Nvidia's DLSS (Deep Learning Super Sampling) technology is the first attempt from a major GPU manufacturer to leverage the power of AI to improve the PC gaming experience. Nvidia uses DLSS to upscale rendered images to higher resolutions, allowing games to run better at higher resolutions by upscaling a lower resolution image. A game could be rendered at 1440p and upscaled to 4K to deliver incredible performance increases to gamers, making higher resolution gaming a lot more accessible (when playing supported titles). While the feature has its downsides (degraded image quality), new implementations of DLSS are difficult to distinguish from native resolution renderings, revealing the potential that AI has within the PC market. 

DirectML is coming to Windows 10 in Spring 2019  
DirectML - The API that could bring DLSS-like features to everyone

While DirectML hasn't been confirmed as a next-generation console feature, you can be sure that Microsoft has been considering the option heavily. Work on DirectML has been happening, at least publically, for as long as DXR has, making it likely that AMD is working on hardware DirectML support for its next-generation graphics cards.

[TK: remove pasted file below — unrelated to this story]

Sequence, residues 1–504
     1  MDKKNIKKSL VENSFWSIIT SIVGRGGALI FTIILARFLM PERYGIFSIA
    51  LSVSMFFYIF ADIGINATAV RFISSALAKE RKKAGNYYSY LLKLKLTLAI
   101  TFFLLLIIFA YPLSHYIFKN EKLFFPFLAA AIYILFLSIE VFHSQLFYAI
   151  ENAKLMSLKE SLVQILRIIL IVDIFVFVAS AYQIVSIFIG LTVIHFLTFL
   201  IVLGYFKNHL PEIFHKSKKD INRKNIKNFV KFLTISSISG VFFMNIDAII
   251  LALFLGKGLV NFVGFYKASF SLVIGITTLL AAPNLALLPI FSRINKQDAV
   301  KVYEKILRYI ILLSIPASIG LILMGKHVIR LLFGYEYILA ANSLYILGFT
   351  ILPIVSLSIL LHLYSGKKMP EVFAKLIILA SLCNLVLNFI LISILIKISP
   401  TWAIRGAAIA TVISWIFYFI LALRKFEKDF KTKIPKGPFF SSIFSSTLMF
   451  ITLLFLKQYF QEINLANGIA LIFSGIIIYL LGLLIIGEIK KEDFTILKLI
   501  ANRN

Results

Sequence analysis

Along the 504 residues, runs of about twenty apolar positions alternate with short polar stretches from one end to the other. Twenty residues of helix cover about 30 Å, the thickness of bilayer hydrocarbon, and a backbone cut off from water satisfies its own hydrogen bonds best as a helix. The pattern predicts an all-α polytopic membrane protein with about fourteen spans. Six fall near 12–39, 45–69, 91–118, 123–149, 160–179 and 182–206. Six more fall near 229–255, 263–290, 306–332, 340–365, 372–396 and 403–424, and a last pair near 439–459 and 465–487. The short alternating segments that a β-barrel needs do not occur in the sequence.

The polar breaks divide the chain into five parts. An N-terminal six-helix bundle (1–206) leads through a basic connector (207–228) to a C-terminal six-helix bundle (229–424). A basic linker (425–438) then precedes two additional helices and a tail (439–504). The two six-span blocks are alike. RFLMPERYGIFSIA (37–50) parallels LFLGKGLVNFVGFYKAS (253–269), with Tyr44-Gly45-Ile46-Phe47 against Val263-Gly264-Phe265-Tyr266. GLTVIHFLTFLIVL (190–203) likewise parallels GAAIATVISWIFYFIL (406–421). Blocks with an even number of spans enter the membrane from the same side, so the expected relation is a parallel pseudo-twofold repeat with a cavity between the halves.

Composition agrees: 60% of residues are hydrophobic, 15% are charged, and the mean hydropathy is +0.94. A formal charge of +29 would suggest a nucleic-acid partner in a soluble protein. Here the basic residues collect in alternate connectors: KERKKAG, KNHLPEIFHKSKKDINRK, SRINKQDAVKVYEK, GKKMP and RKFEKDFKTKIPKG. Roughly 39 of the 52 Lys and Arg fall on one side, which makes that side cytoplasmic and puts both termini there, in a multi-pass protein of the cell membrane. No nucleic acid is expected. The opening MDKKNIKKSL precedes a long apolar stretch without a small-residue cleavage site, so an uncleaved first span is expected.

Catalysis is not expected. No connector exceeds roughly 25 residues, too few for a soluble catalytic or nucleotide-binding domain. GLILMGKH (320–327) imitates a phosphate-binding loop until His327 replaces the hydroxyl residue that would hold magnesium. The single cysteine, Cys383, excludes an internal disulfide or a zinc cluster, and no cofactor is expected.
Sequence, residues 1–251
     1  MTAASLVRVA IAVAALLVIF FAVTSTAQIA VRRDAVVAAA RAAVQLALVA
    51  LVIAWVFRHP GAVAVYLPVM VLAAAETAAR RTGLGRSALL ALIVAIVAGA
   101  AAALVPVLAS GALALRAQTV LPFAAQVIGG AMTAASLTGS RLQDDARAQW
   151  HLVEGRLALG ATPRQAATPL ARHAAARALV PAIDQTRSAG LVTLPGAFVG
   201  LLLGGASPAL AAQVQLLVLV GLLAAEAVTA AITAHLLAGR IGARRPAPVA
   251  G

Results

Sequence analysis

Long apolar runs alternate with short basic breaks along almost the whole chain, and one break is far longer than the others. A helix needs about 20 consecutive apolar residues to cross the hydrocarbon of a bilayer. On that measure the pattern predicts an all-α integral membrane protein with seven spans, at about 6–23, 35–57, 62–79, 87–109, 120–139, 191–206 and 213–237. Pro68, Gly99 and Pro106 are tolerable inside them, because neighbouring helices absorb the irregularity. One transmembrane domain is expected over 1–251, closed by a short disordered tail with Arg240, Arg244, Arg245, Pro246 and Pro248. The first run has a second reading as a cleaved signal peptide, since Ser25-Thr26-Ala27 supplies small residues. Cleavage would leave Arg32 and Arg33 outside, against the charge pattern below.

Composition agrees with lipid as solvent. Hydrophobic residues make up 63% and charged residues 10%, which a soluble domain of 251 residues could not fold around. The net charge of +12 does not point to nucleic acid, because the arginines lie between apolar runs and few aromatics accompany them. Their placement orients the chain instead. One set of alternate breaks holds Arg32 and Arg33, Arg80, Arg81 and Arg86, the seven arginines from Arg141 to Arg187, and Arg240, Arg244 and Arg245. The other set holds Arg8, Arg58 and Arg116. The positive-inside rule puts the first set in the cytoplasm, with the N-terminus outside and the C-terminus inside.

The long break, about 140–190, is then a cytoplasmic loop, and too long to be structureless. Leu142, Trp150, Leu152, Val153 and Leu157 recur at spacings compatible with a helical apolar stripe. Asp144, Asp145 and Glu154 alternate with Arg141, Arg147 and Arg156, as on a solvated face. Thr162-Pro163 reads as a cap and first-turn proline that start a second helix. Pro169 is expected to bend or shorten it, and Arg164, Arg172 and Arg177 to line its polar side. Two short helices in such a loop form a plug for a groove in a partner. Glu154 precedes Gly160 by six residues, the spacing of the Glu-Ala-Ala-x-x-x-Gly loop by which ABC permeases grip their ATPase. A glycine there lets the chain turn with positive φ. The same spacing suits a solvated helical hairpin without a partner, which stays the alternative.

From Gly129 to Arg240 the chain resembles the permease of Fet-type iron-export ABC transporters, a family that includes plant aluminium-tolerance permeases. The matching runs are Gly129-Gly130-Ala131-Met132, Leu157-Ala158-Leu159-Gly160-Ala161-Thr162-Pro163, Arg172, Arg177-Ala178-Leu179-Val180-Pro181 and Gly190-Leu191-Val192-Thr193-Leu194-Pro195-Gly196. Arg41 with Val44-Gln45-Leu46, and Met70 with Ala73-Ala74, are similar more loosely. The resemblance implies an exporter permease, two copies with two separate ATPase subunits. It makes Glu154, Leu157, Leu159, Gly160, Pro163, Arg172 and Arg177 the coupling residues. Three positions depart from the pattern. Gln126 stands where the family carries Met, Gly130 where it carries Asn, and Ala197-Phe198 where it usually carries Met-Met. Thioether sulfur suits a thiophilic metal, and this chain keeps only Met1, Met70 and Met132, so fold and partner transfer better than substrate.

Microsoft has already showcased the potential of machine learning in gaming applications, with the image below showcasing what happens when Machine Learning is used to upscale an image to four times its original resolution (basically from 1080p to 4K) to generate a sharper final image and reduced aliasing. The image below is a comparison between ML Super Sampling and bilinear upsampling. 

This technique has also been showcased during one of Microsoft's SIGGRAPH 2018 tech talks. This talk, which is entitled "Deep Learning for Real-Time Rendering: Accelerating GPU Inferencing with DirectML and DirectX 12" showcases Nvidia hardware upscaling Playground Games' Forza Horizon 3 from 1080p to 4K using DirectML in real-time. DirectML has the potential to improve the graphical fidelity of future console and PC games.